Mary Henthorn
WINDOW TO WENDY’S WORLD: Artist Wendy Edwards expands on some of her favorite pastel artworks included in the collection which spans over 300 years. Edwards’ work is included in this exhibition.

Pastel artist Wendy Edwards visited the Bowdoin College Museum of Art (BCMA) on Wednesday afternoon to talk about the “Powdered Pigments: Three Centuries of Pastel Drawings” exhibition currently on view.

The exhibit features over 30 pieces from the Museum’s collection, showcasing over 300 years of innovative use of oil pastels. Edwards worked as a professor at Brown University from 1980 until his retirement in June 2020. His 1984 work, “Cushion,” is featured in the exhibit.

BCMA Co-Director Frank Goodyear opened the conference by thanking Lily Weafer ’23 for her help in curating the exhibit. Weafer, who is currently studying abroad in Spain, began working on the exhibit during her internship at the Museum last summer exploring the collection and researching pieces before finally making selections for display.

As she spoke, Edwards guided customers to the pastels she found most striking.

“I think this museum does a lot for the community as a whole,” Edwards said. “They seem to be very active and reactive to current issues: good things, bad things, confusing things. It’s a difficult time in the world, and for that reason it’s actually a very exciting time for artists and I think this group of drawings spans a period of time, showing their active ability to do art and to express themselves.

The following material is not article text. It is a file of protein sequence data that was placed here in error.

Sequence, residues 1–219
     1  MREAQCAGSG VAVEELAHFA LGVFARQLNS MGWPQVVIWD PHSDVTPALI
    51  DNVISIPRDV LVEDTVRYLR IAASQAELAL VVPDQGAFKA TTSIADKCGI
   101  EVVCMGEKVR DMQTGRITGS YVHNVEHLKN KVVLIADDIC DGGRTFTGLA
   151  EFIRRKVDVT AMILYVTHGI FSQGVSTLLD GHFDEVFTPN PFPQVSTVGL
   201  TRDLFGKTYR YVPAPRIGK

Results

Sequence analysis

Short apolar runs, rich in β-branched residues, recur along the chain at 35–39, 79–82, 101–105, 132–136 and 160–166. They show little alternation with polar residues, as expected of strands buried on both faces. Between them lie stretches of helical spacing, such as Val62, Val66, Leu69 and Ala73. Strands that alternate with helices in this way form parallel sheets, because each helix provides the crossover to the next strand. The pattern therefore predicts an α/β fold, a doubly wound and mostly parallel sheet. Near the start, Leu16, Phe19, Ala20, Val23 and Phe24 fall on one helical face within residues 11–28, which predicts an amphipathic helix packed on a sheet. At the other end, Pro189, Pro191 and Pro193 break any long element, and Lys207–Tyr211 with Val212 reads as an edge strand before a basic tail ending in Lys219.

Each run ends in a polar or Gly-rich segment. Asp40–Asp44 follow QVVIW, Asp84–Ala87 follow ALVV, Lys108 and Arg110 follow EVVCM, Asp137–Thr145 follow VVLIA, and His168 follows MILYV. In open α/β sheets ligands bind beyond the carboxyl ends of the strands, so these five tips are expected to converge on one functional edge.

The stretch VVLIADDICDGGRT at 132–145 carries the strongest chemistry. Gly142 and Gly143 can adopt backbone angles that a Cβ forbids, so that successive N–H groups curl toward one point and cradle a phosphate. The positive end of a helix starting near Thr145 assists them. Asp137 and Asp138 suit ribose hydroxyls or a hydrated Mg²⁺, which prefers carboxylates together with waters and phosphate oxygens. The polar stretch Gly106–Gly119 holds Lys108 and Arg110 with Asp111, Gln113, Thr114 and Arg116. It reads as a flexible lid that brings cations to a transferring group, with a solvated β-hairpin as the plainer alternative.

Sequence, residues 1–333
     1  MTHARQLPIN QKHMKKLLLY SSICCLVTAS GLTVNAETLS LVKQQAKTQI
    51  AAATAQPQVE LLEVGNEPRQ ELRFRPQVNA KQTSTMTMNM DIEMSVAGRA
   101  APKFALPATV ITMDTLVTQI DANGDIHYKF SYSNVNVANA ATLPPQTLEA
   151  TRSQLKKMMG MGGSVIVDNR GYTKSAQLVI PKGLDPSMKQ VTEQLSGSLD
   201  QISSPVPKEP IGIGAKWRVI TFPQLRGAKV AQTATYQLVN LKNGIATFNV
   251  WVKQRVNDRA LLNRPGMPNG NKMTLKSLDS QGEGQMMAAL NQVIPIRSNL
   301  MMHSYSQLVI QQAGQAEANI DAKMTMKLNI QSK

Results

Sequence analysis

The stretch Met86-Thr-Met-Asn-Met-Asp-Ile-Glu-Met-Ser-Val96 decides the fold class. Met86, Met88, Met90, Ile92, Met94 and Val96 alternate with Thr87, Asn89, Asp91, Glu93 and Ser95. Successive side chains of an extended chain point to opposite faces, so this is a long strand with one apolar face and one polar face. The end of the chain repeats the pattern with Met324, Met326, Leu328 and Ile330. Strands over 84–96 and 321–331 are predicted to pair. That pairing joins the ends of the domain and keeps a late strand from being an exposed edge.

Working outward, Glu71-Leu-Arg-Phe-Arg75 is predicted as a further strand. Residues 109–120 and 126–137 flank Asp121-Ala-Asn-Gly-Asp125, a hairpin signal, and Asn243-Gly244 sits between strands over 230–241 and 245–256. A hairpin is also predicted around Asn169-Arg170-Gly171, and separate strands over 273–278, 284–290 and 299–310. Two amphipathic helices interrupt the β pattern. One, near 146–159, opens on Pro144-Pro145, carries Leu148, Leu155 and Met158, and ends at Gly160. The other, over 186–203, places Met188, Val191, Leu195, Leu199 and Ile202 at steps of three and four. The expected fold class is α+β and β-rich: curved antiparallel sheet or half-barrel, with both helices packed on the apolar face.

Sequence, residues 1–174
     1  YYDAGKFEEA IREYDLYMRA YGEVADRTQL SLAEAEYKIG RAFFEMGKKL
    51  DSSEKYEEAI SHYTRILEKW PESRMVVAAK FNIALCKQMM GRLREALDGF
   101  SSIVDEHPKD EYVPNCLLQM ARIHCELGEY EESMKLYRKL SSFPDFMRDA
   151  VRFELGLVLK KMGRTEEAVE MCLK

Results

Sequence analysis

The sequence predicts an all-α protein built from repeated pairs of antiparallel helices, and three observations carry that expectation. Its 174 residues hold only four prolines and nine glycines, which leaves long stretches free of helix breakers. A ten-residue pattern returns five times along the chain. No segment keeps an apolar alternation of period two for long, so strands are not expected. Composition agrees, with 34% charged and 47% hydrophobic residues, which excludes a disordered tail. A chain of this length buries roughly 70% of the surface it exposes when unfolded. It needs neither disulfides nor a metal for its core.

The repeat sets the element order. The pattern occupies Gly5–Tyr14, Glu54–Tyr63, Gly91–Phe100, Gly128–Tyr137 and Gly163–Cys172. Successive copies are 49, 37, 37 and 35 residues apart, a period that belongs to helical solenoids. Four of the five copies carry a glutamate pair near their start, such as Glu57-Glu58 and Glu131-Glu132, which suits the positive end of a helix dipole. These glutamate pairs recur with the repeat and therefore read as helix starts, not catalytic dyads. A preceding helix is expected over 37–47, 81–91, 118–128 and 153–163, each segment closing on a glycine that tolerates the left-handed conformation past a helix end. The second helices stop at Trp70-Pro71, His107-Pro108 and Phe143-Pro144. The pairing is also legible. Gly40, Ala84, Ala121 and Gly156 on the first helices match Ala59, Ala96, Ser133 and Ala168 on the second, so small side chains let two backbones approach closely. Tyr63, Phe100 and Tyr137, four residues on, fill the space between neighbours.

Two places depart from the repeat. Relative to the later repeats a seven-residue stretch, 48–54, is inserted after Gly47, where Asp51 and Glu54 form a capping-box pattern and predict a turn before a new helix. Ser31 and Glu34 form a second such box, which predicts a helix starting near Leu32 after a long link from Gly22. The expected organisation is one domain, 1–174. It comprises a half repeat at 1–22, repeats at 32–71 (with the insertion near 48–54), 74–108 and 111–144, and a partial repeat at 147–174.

Among the pieces that interested her, Edwards focused on “The Barefoot Child” by Mary Cassatt and “Twin Study with Cord” by Anne Harris, both of which include images of toddlers. Cassatt’s work is a vibrant image of a mother holding her child against a bright orange background. Harris’ work, which an audience member says was created while she was a college professor, is a soft, gray image of a baby after delivery.

“What’s better than a baby?” Edwards asked. “I’m a new grandma and I have a grandson who will be one next week, so I’m more drawn to these images than ever.”

Edwards and her husband Jerry Mischak, who is also an artist, shared some of their own pastel anecdotes. Her husband remembers being arrested at a Spanish airport for the large pastels in their suitcases. The pastels looked like sticks of dynamite and were about airport workers.

“Back then it was about the same size,” Mischak said. “So the guy shows them to me like, ‘What’s the point?’ And you know, I was ready to grab one and get on the floor and start drawing.

Edwards’ “Cushion” piece was created during the height of the AIDS epidemic and layers many different pastel colors with dominant blues and greens.

“I had a dear friend who was one of the first people diagnosed with AIDS in New York,” Edwards said. “My husband and I drove back and forth to New York and took care of him. So this corpus really started from a need and a desire to cling to life… I gave it a whole series of drawings, large drawings and paintings.

Shortly after this project, Edwards decided to stop using pastels. She believed the materials were unsafe to work with, especially since she hoped to have children. Some pastels have been linked to toxic materials that can cause bodily harm if ingested or after prolonged exposure.

Edwards believes that pastels can act as expressive, active, and personal tools for artists. By rubbing the pigment onto various materials or finding specific edges of the pastel to use, Edwards found power in this art form.

“We are so privileged to have the opportunity to have such a range of beautiful pastel drawings in this exhibition,” said Edwards.

The exhibition of pastels will be presented at the Museum throughout the summer.


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